In the entire Indonesian archipelago, Bali is one of the most evocative and popular tourist islands. A visit here awakens the senses. The intoxicating scent of frankincense and clove oil wafts through the thick tropical air. Peanuts sizzle on roadside stalls, petal-strewn offerings smolder on busy sidewalks, and traditional gamelan music vibrates against the hum of mopeds.
The island is rich in natural beauty, despite the clamor and chaos of the main tourist areas, with attractions for all types of travelers. Cyclists can cycle through lush landscapes bristling with rice terraces and traditional villages, hikers can climb jungly volcanic peaks to misty waterfalls, and surfers come for the legendary swells.
The island’s rich arts scene is another major draw, and if relaxation is your top priority, Bali’s shopping and spa treatments are fabulous – and affordable. Spirituality adds another layer to Bali’s allure, and the best things to do in Bali are seeing the magnificent temples and sacred Hindu ceremonies.
1. Pura Tanah Lot
One of Bali’s most iconic temples is Pura Tanah Lot (“Pura” means temple in Balinese) which is about 20 kilometers northwest of Kuta. All who visit are amazed by its spectacular seaside setting, on a rocky islet surrounded by breaking waves.
It is one of the most sacred marine temples on the island for the Balinese people. (Bali’s largest and holiest Hindu temple is Pura Besakih, but recently local merchants have harassed visitors.) Every evening, crowds of tourists from Kuta, Legian, and Sanur make their way through a maze of alleys lined with souvenir sellers to look at. the sun is setting behind the temple.
In the early 16th century, Pura Tanah Lot was built and is said to be inspired by Priest Nirartha, who asked local fishermen to build a temple here after spending the night on the rock outcrop.
Although foreigners cannot enter any of the temples, you can walk through the main temple at low tide and it’s fun to stroll along the trails taking photos and soaking up the beautiful surroundings.
After visiting the various temples and shrines, save time to relax in one of the clifftop restaurants and cafes and taste the famous Kopi luwak (civet coffee). In some cafes, friendly civets nap on tables, providing fun Instagram-worthy photo ops.
From Tanah Lot, you can walk along landscaped trails in tropical landscapes to the magnificent Batu Bolong, another sea temple perched on a rocky outcrop with an eroded causeway connecting it to the shore.
When visiting temples in Bali, wear a sarong and belt and be sure to dress respectfully.
2. Mount Batur
Hundreds of visitors every day in the pre-dawn darkness of Bali begin trekking to the 1,700-meter peak of Mount Batur to watch the sun rise above the lush mosaic of mist-covered mountains and the caldera well below.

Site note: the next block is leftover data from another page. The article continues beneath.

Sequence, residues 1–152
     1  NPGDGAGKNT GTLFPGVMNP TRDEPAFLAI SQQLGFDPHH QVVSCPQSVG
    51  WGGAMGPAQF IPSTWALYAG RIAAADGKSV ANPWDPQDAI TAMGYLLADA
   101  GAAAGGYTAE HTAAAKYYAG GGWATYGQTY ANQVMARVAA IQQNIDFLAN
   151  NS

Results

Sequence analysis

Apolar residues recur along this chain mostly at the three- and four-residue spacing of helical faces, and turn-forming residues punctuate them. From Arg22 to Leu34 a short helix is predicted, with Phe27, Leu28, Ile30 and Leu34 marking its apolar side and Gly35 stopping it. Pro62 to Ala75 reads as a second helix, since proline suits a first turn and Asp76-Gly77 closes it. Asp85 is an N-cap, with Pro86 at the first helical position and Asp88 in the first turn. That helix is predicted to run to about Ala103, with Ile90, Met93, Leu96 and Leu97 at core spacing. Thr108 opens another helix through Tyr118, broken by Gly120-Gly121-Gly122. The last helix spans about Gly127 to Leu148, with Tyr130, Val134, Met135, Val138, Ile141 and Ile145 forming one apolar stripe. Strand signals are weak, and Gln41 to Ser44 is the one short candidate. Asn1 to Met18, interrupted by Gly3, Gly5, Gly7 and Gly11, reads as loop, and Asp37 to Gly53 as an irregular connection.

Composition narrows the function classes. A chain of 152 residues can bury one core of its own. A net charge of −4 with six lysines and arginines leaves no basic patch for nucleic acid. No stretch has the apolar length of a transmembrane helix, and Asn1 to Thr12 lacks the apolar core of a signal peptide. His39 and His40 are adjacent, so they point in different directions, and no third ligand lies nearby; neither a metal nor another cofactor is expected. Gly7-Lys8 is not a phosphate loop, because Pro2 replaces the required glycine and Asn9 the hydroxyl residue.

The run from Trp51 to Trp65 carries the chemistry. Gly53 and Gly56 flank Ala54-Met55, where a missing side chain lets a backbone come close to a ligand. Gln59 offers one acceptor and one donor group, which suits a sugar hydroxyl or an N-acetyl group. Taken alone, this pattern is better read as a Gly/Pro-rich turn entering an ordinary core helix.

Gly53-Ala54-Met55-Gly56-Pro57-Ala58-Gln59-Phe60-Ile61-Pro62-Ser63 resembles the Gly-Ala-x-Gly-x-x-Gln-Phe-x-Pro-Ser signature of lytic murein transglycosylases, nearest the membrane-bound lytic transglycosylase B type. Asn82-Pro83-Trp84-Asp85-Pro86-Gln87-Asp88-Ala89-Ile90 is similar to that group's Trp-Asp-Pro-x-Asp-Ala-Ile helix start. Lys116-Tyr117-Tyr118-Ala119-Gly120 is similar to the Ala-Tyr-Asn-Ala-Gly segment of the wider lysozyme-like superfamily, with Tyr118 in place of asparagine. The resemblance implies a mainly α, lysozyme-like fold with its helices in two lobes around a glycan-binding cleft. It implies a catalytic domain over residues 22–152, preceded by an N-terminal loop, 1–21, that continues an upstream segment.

This sacred active volcano can be found in the Kintamani district of the central highlands of Bali, about an hour’s drive from Ubud, and the hike to the top to watch the sunrise has long been on the list of best things to do in Bali.
The hike, along well-marked trails, is relatively easy and usually takes around two to three hours. On a clear day the views are spectacular, stretching all the way to the Batur Caldera; the main source of irrigation water Lake Batur on the island; and the surrounding mountain range.
Sturdy hiking boots are essential and layers are advised as the temperature can be cool before sunrise.
You can also combine a trip here with a visit to one of Bali’s most important temples, Pura Ulun Danu Batur, on the northwestern shore of the lake, and a therapeutic bath in the hot springs at the beautiful village of Toya Bungkah. on the shores of Lake Batur.
3. Uluwatu Temple
Above one of Bali’s best surf spots overlooking plunging cliffs, Uluwatu Temple (Pura Luhur Uluwatu) is one of the most famous temples on the island, thanks to its magnificent setting at the top. from a cliff.
In Balinese, “Ulu” means “point” or “piece of land” and “Watu” means rock, an appropriate name for the location of the temple on the Bukit peninsula, along the southwestern tip of the island. . Sunset is the best time to visit like Pura Tanah Lot, when the sky and sea glow in the late afternoon light.
Archaeological findings suggest that the temple is of megalithic origin, dating from around the 10th century. The temple is believed to protect Bali from the evil spirits of the sea, while the monkeys that live in the forest near its entrance are believed to protect the temple from evil influences (keep your belongings well hidden away from their nimble fingers).
A scenic path winds from the entrance to the temple with breathtaking views along the way. Only Hindu worshipers are allowed to enter the temple, but the beautiful surroundings and the Kecak sunset dance performances that take place here every day are well worth a visit.
The temple is located about 25 kilometers from Kuta.